The F/A-18 Super Hornet that pulled off the US's first air-to-air kill in 18 years still has the war paint to prove it

Military Tech

VIDEO: Footage shows a Navy F/A-18 Super Hornet shoot down a Syrian Su-22 fighter-bomber in 2017, the first U.S. air-to-air kill in nearly two decades

When Navy Lt. Cmdr. Michael "Mob" Tremel took on an air-support mission on June 18, 2017, he didn't realize that he'd end up shooting down a Syrian Sukhoi Su-22 fighter-bomber in the U.S. military's first air-to-air kill since 1999.

"The whole mission out there that day was to go defeat ISIS and annihilate ISIS," Tremel recalled of the incident during a September 2017 Tailhook Association symposium. "If at any point in time that day it had escalated, that would have been fine by us."

Tremel may carry the memory of that day with him everywhere, and now so will his aircraft: According to recent Pentagon photos, the F/A-18E Super Hornet from VFA-87 that Tremel flew into battle clearly carries a fresh victory marking — a scalp for one of the squadron's "Golden Warriors."

According to The Aviationist, which first noted the new marking, Tremel's Hornet originally picked up fresh war paint just below the left side of its canopy as early as August 2017, less than two months after the shoot down occurred. The tomahawks represent successful aerial strikes, while the Syrian flag and silhouette of a fighter jet represent the Su-22 that Tremel nailed with an AIM-120 Advanced Medium Range Air-to-Air Missile.

Lt. Cdr. Michael Tremel stands next to his F/A 18 Super Hornet on board the USS George W. Bush in July 2018. (Save The Royal Navy via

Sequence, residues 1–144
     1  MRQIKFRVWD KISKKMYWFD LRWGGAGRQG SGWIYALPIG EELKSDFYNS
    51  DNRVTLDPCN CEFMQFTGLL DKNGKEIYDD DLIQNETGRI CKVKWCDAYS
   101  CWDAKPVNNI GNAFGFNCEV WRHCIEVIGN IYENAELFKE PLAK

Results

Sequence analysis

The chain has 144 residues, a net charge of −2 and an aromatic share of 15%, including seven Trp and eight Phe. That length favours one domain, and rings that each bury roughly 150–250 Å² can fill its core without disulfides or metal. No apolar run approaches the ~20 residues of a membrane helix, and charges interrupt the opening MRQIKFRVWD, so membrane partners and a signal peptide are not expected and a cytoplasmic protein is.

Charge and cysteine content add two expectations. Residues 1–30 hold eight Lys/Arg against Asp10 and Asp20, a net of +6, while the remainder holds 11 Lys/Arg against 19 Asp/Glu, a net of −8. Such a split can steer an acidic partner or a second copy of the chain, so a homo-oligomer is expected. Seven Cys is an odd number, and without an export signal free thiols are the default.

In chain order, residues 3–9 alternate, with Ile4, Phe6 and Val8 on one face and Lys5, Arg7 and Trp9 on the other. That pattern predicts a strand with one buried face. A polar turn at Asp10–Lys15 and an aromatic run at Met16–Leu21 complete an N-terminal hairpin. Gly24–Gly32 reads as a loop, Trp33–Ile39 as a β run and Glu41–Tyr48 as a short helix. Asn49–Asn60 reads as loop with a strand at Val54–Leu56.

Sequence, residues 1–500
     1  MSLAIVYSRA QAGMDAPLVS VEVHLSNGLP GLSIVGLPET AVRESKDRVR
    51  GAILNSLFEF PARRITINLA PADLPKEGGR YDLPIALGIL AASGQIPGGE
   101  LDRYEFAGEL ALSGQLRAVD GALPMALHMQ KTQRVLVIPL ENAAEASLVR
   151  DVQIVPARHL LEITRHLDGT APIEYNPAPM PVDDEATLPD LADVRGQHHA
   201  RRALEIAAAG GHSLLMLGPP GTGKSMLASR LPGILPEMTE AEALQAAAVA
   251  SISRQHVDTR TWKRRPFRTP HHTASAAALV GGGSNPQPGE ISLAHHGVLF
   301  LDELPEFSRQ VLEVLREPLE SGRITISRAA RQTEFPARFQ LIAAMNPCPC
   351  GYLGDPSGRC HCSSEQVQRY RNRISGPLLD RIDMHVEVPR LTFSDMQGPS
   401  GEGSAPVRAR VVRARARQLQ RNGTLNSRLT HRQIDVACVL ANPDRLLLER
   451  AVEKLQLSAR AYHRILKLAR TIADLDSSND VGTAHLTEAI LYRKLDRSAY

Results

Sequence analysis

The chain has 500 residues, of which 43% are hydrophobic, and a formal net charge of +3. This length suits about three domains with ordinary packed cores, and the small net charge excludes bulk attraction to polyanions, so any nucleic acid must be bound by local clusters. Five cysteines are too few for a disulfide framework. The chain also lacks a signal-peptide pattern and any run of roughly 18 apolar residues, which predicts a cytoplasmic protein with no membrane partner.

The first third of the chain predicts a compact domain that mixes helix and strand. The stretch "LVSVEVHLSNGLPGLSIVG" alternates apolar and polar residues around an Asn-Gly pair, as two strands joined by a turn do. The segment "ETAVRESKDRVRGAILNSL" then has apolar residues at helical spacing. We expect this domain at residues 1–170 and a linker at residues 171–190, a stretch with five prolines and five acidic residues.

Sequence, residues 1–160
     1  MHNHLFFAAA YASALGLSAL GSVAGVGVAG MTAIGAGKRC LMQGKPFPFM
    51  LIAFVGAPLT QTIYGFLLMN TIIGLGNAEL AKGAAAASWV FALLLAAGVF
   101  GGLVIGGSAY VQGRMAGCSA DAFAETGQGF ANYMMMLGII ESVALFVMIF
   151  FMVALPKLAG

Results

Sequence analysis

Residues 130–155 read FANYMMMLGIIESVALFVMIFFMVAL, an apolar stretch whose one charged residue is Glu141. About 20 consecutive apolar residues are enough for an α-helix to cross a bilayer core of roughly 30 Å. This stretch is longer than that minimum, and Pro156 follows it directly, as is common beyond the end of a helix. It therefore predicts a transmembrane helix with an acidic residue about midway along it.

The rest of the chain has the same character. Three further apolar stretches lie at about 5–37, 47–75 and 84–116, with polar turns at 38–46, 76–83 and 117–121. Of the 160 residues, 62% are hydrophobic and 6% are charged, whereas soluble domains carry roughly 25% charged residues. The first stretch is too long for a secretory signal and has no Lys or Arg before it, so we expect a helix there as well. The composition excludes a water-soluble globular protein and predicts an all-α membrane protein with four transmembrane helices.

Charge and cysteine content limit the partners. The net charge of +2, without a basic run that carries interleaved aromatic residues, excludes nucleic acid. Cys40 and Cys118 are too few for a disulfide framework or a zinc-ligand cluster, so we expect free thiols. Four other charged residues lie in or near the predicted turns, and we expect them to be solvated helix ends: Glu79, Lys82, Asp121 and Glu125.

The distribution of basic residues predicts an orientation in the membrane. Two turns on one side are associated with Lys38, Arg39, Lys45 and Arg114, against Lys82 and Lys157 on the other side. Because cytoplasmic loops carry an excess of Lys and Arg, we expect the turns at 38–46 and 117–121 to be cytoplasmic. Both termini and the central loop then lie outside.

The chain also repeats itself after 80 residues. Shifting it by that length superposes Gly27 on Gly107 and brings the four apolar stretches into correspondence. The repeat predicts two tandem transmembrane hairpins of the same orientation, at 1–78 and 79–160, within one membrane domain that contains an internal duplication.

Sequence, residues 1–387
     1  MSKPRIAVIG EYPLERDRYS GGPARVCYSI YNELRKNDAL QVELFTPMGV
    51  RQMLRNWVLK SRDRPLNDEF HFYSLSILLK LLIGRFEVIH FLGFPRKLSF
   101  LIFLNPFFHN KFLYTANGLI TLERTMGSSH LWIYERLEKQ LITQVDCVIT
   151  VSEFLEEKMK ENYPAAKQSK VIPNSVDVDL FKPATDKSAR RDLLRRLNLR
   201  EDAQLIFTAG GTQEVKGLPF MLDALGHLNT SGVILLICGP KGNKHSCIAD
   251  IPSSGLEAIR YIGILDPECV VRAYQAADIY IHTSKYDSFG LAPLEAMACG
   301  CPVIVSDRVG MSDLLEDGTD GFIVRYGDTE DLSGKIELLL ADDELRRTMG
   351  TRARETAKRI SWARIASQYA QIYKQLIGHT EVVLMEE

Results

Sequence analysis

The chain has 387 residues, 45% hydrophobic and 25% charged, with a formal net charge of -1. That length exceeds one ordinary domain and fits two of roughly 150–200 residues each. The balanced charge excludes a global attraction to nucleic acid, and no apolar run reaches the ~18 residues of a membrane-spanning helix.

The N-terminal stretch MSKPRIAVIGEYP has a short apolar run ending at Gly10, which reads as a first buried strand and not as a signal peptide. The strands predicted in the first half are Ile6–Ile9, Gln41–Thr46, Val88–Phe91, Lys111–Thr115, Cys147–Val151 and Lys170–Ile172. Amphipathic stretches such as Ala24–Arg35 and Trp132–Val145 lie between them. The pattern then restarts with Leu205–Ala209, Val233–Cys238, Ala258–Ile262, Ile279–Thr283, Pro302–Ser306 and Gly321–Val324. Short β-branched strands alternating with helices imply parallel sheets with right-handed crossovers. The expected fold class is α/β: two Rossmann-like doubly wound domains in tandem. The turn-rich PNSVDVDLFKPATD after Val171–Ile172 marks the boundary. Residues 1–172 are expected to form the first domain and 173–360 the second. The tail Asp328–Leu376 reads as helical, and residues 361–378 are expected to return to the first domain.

At some point in recent years, the aircraft received a fresh paint job, likely to transition its Modex from 302 to 402 as part of the squadron's new assignment to USS Theodore Roosevelt's Carrier Air Wing 11 sometime in 2018. Luckily, the victory marking was simply moved from the left side of the airframe to the right, set just below and ahead of its cockpit.

Sailors stand by an F/A-18 Super Hornet assigned to the "Golden Warriors" of Strike Fighter Squadron (VFA) 87 before starting flight operations on the flight deck of the aircraft carrier USS Theodore Roosevelt (CVN 71) while participating in Exercise Northern Edge 2019 on May 15, 2019 (U.S. Navy/Mass Communication Specialist 3rd Class Josiah J. Kunkle)

It's worth noting in the above photo that while the Super Hornet is no longer operated by Tremble — Navy Cmdr. J.A. Calby's name is printed directly below the canopy — the aircraft still bears his name and the date of the shootdown, as well as the tell-tale Syrian flag.

"It's not just Tremel's plane," a Navy official told Task & Purpose of the kill marking. "It applies to the aircraft."

Aviation Boatswain's Mate (Handling) 3rd Class Connor Akey, from Mobile, Ala., directs an F/A-18E Super Hornet, assigned to the "Golden Warriors" of Strike Fighter Squadron (VFA) 87, on the flight deck of the aircraft carrier USS Theodore Roosevelt (CVN 71) on July 5, 2019 (U.S. Navy/Mass Communication Specialist 3rd Class Josiah J. Kunkle)

On the day of the shootdown, Tremel and his wingman, Lt. Cmdr. Jeff "Jo Jo" Krueger, were conducting a close-air support sortie over Syria when they spotted the Syrian Su-22 approaching ground forces with ordnance at the ready. As Tremel recalled back in 2017, repeated radio calls to the aircraft went unheeded, as did the multiple flares he launched.

After the Su-22 released its ordnance near the U.S.-backed forces on the ground, Tremel fired an AIM-9X Sidewinder at the aircraft in line with the rules of engagement, only to have the advanced missile drawn away by the Sukhoi's own flares. The AIM-120 AMRAAM, however, did the trick, striking the aircraft. The pilot ejected and the burning aircraft quickly plummeted towards the ground.

"I know I was just operating on brainstem power," Tremel recalled during the Tailhook symposium before adding that, despite achieving the first U.S. air-to-air kill in nearly two decades, his CO immediately reminded him of his responsibilities of air-wing duty safety officer that day: "The show goes on."

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As the climate changes, there could be plenty more black flag days ahead, especially in Florida, a new analysis from the Union of Concerned Scientists found. America's military bases could see an average of an extra month of dangerously hot days by mid-century. In Florida, they could quadruple.

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